Tuesday, November 16, 2010

In Response to Word Crimes

I received a number of responses to my Committing Word Crime post last week, and not all of them in agreement with me.

My columns are designed to do just that – start dialogue and debate - and confirm why it’s so important not just to provide “how-to” advice, but to delve into deeper issues -- like word usage – for us to think about, and think about how this impacts our (PR) industry and what we do.

This particular column came about from frustration and tiredness. I was reading press release and after press release all using similar “positioning” and opening lines… “XYZ, the leader in XYZ, announces it breakthrough leading-edge innovation platform/solution that will transform XXX.” At the same time, a number of clients insisted upon using hyperbole-laden phrases in their messaging and I just threw my hands up. I thought to myself “every company is now a leader, every company displays thought-leadership. Every company is the first to, blah blah, blah. Where’s the creativity, or differentiation folks?”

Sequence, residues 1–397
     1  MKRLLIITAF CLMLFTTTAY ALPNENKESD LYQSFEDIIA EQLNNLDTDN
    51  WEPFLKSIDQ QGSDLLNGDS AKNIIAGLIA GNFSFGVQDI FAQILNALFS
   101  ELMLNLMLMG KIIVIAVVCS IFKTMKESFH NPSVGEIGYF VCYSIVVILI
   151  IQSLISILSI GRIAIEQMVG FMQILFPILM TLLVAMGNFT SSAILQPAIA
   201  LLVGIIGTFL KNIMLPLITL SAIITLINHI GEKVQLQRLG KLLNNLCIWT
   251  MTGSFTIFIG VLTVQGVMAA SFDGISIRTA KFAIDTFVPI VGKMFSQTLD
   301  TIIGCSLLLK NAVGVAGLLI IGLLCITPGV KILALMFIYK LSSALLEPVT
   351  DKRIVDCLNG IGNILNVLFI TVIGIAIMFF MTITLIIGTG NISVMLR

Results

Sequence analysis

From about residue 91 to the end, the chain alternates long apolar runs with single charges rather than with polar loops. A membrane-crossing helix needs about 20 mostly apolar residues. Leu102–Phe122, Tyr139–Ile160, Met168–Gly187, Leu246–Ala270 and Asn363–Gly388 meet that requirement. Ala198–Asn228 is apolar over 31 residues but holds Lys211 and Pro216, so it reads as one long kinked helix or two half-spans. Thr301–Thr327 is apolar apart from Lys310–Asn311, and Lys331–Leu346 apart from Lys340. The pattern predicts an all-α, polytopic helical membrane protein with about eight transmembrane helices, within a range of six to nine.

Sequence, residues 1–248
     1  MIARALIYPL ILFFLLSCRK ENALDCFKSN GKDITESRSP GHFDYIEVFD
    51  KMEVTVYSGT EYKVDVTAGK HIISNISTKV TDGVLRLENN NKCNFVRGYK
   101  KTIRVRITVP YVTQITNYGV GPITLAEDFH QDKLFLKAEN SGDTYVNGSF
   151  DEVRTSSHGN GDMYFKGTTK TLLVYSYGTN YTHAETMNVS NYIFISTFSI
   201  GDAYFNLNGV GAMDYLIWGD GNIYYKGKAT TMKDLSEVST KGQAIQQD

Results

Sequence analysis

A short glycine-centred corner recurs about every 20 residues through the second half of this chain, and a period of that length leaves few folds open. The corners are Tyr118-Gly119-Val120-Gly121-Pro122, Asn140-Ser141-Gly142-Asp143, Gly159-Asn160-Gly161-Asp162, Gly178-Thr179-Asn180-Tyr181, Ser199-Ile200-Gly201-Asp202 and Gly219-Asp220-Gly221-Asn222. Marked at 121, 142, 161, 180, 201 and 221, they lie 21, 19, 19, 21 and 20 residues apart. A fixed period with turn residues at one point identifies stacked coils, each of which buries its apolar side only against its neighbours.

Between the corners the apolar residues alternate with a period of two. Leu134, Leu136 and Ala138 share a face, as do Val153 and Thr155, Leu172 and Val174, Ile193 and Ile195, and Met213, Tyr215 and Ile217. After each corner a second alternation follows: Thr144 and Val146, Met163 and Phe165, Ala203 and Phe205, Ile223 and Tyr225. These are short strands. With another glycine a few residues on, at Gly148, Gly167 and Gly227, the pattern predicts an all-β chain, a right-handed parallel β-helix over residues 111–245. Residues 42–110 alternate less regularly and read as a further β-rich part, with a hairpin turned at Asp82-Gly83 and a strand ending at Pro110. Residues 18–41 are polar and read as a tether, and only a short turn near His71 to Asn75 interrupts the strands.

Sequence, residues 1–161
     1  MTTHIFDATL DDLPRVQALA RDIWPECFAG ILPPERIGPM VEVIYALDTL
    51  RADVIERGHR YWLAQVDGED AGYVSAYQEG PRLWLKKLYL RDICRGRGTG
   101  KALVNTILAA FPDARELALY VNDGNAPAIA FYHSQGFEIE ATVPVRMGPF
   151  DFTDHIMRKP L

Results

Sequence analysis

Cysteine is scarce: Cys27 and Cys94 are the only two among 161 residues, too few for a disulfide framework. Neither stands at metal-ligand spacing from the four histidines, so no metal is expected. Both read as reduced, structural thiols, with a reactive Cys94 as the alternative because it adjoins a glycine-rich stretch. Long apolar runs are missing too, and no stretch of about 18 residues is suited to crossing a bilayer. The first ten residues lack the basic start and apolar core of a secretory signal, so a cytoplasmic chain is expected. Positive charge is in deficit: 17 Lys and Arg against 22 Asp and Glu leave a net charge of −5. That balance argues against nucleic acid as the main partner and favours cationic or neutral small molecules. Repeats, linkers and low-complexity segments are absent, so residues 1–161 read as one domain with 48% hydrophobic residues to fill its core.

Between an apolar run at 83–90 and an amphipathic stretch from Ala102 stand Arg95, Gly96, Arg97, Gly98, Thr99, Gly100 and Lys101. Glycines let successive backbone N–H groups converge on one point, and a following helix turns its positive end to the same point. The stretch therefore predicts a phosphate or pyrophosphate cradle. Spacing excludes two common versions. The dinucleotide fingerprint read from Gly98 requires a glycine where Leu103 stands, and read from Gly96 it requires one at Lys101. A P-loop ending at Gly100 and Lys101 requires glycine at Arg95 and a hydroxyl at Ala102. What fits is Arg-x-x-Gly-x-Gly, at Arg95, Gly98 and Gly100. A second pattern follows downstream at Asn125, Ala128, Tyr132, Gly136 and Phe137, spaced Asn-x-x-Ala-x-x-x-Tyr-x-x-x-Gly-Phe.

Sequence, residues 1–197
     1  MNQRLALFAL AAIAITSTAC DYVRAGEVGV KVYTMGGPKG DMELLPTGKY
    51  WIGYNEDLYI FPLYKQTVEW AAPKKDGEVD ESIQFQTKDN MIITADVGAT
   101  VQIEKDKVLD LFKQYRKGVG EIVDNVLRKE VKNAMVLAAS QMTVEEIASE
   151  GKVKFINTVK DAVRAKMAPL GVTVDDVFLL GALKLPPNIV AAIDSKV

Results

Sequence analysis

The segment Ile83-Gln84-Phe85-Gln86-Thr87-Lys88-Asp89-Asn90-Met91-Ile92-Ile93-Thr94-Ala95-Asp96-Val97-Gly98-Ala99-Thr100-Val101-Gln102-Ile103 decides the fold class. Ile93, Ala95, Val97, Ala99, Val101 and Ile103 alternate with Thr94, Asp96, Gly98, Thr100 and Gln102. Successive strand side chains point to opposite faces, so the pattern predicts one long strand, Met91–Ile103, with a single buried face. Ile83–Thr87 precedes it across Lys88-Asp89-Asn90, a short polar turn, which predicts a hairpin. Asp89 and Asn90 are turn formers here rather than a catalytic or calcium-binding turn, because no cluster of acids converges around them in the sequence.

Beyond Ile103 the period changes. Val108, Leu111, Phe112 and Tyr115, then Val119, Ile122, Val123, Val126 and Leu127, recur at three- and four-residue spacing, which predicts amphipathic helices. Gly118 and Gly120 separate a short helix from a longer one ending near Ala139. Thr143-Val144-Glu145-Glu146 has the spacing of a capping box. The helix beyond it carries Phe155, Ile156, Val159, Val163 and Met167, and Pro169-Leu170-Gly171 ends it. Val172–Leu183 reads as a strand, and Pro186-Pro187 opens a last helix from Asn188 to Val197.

It is hard to keep coming up with new insights, and that’s exactly why we are seeing the same words used the way they are. It’s also a reflection of the overwhelming speed of our communication cycle and the volume of content that is being created.

What words can we use that will make the most impact? How can we get through all of this content and information?

It is a struggle, to be sure.

But in this discussion, there’s no right or wrong answer. I do believe, however, that through sheer overuse the value of certain words and phrases becomes diminished. Perhaps you also cringe at the words paradigm, synergistic, and out-of-the-box, that were some of 2004-2005’s buzzwords?

The same thing happens each year, and so most likely we’ll revert to the words we used in 1998-1999 next year, as they’ll feel sort of new again?

As one writer said, "language is to be used." I agree. It just should be used creatively and meaningfully.

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